Themes and Meanings (Masterplots II: Short Story Series, Revised Edition)
In her essay “Is Phoenix Jackson’s Grandson Really Dead?” Eudora Welty speaks of “the deep-grained habit of love” that is Phoenix’s motive for her trip: “The habit of love cuts through confusion and stumbles or contrives its way out of difficulty, it remembers the way even when it forgets, for a dumbfounded moment, its reason for being.” The central motive of Phoenix’s quest is true charity, the “deep-grained habit of love” for her grandson. This motive accounts for her apparent lapses in confiscating the lost nickel and in specifying how much money she would like when offered pennies for Christmas. Love also accounts for Phoenix’s courage, making it natural and unconscious, simply necessary rather than extraordinary.
Phoenix’s courage and true charity are underlined by her encounters with the young hunter and the clinic employees. When the hunter belittles her and boasts of himself because he walks as far as she does when he hunts little birds, with which Phoenix compares her grandson, because he can order his dog to drive off the strange dog that has frightened her, and because he has a gun he can point at her, the reader sees the truer courage of her heart—not merely in her lack of fear of the gun but in her whole journey as well. The hunter’s courage comes from his tools and youthful folly, Phoenix’s from her love. When the clinic employees remind her twice that hers is a charity case, expecting gratitude for what they...
(The entire section is 297 words.)
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"A Worn Path" is Eudora Welty's story of an old African-American woman's ritual journey. Its themes are elicited from the symbol of the journey as well as the encounters the old woman has on her journey. Critics have praised Welty's use of language, myth, and symbol in this deceptively simple story.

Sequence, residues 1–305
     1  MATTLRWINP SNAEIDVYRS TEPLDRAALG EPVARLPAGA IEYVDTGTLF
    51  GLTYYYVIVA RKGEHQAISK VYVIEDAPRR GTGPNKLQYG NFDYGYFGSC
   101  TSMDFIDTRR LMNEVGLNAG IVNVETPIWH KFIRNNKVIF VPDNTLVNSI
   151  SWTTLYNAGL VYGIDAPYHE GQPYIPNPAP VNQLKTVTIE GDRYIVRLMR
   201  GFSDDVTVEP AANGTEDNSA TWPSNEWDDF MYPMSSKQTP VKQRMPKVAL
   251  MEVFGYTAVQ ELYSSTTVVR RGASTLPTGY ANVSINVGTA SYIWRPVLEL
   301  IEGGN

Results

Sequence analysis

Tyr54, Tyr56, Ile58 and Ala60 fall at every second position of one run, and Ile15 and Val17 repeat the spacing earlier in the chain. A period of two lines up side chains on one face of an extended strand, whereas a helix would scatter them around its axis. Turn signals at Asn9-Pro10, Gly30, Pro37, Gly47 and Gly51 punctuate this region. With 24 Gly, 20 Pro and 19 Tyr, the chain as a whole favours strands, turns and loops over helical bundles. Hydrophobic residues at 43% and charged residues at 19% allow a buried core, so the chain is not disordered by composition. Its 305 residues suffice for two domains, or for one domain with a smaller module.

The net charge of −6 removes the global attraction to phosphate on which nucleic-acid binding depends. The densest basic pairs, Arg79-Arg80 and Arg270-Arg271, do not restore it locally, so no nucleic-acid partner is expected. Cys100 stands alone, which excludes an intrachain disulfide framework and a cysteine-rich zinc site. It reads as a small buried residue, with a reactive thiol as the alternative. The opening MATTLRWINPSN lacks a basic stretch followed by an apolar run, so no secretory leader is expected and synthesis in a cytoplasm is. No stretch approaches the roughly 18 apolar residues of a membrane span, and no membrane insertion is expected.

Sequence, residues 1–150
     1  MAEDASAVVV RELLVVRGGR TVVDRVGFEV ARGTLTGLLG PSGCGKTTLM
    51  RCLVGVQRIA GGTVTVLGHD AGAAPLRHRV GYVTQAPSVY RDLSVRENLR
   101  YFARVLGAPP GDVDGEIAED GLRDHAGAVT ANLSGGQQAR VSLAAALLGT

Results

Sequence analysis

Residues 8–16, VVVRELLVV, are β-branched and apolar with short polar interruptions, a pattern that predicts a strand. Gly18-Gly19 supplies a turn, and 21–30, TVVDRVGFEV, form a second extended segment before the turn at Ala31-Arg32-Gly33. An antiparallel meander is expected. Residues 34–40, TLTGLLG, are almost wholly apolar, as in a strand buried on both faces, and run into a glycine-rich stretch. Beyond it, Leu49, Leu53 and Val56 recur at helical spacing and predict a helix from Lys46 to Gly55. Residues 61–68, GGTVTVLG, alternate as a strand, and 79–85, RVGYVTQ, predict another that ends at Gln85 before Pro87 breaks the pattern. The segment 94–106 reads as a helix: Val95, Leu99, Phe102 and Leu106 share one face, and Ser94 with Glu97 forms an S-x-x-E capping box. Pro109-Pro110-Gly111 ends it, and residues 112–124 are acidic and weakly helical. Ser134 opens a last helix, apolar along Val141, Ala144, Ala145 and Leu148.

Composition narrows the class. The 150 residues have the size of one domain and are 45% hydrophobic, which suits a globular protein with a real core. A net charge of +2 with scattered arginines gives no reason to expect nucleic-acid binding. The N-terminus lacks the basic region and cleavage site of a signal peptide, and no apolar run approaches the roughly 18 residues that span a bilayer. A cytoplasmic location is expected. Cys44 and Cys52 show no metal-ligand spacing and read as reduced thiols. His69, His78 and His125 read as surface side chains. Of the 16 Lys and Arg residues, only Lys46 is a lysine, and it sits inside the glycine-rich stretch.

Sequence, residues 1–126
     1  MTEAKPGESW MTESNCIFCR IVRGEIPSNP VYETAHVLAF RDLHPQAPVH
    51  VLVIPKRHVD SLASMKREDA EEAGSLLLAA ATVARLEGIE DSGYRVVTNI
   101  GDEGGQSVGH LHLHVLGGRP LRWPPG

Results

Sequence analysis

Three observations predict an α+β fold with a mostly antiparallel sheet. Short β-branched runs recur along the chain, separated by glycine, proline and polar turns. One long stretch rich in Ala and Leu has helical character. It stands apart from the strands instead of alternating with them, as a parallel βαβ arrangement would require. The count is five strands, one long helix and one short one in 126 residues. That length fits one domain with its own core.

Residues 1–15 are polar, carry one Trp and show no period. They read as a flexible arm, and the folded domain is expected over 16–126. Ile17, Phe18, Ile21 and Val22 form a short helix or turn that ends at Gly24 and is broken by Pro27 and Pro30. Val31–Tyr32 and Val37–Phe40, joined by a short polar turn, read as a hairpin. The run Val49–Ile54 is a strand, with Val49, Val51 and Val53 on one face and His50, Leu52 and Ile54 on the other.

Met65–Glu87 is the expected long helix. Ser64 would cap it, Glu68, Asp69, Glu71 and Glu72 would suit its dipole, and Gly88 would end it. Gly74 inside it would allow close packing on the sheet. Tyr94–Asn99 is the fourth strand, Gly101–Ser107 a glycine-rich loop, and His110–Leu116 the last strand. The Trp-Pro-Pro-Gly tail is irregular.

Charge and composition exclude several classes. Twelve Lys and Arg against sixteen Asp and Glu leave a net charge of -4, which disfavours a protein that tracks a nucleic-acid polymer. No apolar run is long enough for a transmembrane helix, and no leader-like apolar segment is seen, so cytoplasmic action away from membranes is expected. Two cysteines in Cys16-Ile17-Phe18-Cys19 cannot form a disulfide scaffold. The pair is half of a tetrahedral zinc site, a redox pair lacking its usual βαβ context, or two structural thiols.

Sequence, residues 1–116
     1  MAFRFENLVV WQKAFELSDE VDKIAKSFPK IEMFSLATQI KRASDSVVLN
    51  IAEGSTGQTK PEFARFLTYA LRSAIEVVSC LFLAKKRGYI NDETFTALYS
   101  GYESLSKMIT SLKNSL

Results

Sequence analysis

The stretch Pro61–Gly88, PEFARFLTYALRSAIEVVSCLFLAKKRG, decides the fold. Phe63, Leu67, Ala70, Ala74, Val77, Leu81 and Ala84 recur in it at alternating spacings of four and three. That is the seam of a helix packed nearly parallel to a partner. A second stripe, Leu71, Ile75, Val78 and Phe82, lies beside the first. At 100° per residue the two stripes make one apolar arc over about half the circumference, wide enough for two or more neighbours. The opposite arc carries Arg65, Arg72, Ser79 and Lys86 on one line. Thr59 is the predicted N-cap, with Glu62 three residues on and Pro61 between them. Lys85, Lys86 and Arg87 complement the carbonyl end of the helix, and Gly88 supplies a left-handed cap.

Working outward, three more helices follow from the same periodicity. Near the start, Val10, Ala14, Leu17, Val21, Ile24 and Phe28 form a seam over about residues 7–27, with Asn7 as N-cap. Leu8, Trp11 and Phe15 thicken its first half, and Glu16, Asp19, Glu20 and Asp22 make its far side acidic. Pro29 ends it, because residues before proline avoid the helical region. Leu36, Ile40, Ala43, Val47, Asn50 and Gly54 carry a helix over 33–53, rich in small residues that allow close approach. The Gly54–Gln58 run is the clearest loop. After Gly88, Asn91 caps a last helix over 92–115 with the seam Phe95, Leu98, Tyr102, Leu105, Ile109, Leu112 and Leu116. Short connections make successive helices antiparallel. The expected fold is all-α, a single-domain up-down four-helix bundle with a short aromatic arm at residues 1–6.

Race and Racism
Issues of race often inform Welty's fiction for the fact that so much of her fiction is set in Mississippi during the 1940s and 1950s. Phoenix's brief encounters on her journey typify the views of many Southern whites during the era. A white hunter helps her out of a ditch but patronizes her and trivializes her journey: "I know you old colored people! Wouldn't miss going to town to see Santa Claus!" He also taunts her by pointing his loaded gun at her and asking, "Doesn't the gun scare you?" Through these exchanges, Welty shows how some whites regarded blacks. He also calls her "Granny,'' a term common for older African-American women. Often whites would call older blacks "Aunt," "Granny," or "Uncle" as a way of denying them their dignity and individuality. In another example of this, the nurse calls her "aunt Phoenix" instead of the more formal "Mrs. Jackson." Although no one in the story is actually rude or discriminatory towards Phoenix, Welty demonstrates the subtle persecutions that blacks suffer in a white world.
Duty and Responsibility
Phoenix Jackson is mobilized by her sense of duty to her...
(The entire section is 849 words.)